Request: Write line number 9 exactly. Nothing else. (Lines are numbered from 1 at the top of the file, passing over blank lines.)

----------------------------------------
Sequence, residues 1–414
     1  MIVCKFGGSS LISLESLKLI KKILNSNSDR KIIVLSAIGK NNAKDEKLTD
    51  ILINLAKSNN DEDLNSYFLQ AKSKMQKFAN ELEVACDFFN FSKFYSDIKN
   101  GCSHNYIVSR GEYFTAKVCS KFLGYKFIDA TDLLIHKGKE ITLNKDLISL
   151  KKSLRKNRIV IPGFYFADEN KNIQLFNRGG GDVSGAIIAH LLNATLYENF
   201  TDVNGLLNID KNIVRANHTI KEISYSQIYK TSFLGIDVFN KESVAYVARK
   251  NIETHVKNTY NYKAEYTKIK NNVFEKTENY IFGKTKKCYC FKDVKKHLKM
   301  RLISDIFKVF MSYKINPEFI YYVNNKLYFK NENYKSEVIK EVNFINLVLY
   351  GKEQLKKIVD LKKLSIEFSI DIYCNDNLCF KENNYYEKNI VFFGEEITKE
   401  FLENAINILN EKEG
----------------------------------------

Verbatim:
   351  GKEQLKKIVD LKKLSIEFSI DIYCNDNLCF KENNYYEKNI VFFGEEITKE